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Ayling blow to singlehanders

The Ayling Inquiry report has called for tough measures to protect patients from sexual abuse by GPs, including training chaperones.

The report, on how the NHS handled allegations against the disgraced former Kent GP Clifford Ayling, called for trained chaperones to be available with clear PCT guidelines for their use. It said: 'The use of untrained administrative staff is not acceptable.'

But the report stops short of insisting that all practices have a chaperone because of capacity issues and home visits.

RCGP honorary secretary Dr Maureen Baker said patients should be offered a chaperone wherever possible, but this may not be possible in emergencies.

The Department of Health ordered the inquiry after Ayling was convicted in 2000 of carrying out indecent assaults on female patients.

The report also calls for PCTs to take greater responsibility for tackling such cases and ensure proper funding is available for investigating concerns about GPs.

It was found that Kent LMC played an ambiguous role in the Ayling case, with GPs inappropriately seeing the body as 'a safe haven for troubling knowledge'.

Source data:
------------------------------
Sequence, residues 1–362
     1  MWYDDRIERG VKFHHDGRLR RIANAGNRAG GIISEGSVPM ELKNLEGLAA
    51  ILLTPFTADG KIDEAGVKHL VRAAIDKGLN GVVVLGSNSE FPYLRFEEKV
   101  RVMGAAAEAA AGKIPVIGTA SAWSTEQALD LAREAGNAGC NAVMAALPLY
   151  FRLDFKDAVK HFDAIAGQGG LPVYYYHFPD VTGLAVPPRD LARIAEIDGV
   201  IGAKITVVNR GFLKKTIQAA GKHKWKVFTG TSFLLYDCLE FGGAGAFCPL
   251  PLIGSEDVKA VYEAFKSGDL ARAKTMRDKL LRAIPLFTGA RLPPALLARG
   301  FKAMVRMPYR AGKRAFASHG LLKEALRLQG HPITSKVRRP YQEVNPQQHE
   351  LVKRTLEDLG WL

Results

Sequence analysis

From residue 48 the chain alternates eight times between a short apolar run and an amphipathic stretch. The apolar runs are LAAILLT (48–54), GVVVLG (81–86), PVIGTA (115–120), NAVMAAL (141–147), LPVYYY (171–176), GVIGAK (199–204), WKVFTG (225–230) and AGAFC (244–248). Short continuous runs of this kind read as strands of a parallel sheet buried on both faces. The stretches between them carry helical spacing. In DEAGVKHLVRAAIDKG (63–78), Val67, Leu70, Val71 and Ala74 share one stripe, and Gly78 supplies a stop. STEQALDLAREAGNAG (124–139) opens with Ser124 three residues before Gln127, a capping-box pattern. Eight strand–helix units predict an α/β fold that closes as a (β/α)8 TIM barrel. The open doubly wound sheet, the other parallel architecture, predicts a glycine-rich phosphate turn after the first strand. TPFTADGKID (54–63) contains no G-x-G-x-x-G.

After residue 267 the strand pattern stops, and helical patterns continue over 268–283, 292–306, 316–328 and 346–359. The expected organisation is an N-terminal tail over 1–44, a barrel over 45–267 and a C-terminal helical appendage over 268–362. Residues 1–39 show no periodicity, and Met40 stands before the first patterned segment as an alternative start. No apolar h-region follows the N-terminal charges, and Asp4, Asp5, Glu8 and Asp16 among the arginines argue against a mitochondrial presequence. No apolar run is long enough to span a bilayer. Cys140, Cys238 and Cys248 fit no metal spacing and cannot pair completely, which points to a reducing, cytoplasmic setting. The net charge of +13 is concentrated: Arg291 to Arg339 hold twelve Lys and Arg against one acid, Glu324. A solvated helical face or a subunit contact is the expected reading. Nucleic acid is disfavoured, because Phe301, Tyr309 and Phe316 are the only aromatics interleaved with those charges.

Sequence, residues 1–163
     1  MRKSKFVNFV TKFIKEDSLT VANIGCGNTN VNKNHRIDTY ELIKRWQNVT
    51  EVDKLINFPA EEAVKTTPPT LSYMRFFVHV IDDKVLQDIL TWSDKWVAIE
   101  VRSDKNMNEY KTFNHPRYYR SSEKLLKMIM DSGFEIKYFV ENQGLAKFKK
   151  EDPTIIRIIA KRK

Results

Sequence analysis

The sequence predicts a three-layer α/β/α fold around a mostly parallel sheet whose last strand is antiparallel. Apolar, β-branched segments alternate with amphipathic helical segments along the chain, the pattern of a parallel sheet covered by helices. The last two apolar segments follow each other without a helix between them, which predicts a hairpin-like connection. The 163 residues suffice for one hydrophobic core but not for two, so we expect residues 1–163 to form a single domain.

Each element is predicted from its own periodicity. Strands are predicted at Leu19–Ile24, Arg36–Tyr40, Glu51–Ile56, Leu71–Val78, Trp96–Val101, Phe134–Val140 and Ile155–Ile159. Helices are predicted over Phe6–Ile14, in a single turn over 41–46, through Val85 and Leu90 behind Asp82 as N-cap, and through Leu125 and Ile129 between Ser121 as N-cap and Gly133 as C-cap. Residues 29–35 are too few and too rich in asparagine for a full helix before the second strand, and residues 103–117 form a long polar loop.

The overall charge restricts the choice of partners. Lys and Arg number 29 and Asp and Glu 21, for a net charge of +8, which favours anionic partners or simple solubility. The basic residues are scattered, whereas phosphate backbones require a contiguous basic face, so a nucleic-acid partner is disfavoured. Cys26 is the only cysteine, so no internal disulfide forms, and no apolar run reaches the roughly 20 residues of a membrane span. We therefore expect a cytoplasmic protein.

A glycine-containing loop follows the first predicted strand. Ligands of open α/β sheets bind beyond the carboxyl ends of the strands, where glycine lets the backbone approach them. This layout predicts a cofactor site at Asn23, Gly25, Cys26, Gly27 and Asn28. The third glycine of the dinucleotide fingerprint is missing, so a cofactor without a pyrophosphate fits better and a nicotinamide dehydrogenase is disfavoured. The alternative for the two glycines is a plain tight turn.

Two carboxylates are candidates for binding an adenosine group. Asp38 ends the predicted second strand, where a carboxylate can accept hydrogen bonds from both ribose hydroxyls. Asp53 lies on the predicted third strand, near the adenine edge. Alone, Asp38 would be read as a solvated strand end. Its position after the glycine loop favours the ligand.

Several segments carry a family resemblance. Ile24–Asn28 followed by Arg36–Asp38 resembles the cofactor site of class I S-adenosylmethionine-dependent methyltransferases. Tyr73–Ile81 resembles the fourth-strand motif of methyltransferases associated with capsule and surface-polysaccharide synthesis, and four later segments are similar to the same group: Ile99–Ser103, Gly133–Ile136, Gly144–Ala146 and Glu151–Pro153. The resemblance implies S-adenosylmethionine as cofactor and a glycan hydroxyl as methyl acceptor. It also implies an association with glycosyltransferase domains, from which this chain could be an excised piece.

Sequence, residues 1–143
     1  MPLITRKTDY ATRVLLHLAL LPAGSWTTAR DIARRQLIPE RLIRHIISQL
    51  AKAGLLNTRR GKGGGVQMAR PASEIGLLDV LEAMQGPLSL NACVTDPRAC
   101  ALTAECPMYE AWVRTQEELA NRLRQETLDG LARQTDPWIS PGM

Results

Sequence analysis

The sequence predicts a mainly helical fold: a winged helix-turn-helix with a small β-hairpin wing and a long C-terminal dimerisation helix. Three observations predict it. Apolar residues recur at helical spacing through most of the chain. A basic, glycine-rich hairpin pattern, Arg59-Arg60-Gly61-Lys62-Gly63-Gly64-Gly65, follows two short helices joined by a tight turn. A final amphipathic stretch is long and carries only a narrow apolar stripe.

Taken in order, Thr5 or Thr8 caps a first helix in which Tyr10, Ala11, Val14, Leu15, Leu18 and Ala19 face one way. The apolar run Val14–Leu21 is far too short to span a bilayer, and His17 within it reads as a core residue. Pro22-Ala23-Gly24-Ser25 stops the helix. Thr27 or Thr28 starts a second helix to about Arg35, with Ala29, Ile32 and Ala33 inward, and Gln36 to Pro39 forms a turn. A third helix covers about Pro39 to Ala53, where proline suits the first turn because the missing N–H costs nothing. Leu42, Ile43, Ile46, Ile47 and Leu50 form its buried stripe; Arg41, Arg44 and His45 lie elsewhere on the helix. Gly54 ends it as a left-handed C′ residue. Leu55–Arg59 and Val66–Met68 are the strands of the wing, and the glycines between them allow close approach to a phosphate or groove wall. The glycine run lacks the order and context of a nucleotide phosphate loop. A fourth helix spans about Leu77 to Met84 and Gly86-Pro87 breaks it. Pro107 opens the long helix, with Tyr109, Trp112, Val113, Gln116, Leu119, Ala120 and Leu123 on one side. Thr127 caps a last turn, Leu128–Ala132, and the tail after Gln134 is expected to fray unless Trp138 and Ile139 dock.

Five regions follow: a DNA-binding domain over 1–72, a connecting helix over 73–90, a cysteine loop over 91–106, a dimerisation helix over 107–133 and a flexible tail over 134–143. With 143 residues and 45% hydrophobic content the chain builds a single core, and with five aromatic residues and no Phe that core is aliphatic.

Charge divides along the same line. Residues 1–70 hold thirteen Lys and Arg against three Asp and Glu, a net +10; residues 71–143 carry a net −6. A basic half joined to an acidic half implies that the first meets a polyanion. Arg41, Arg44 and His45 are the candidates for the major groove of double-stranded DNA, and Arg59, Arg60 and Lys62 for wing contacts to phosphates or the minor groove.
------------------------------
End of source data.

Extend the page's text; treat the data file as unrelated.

It is recommended that LMCs clarify their role, 'to make it explicit that acting on the receipt of information about a GP which indicates patient safety is being compromised is not part of their role'.

It further recommended that any concerns about a GP's conduct reported to LMCs should be immediately passed on to PCOs.

Kent LMC medical secretary Dr Gary Calver welcomed the findings. 'We are a body to represent GPs, not to take responsibility for patient safety,' he said.

GPs should declare all other work they carry out, to ensure a record of other organisations interested in inappro- priate activity, the report said.

Health Secretary John Reid said he was awaiting the conclusions of the Shipman Inquiry before considering the recommendations.

ByJoe Lepper

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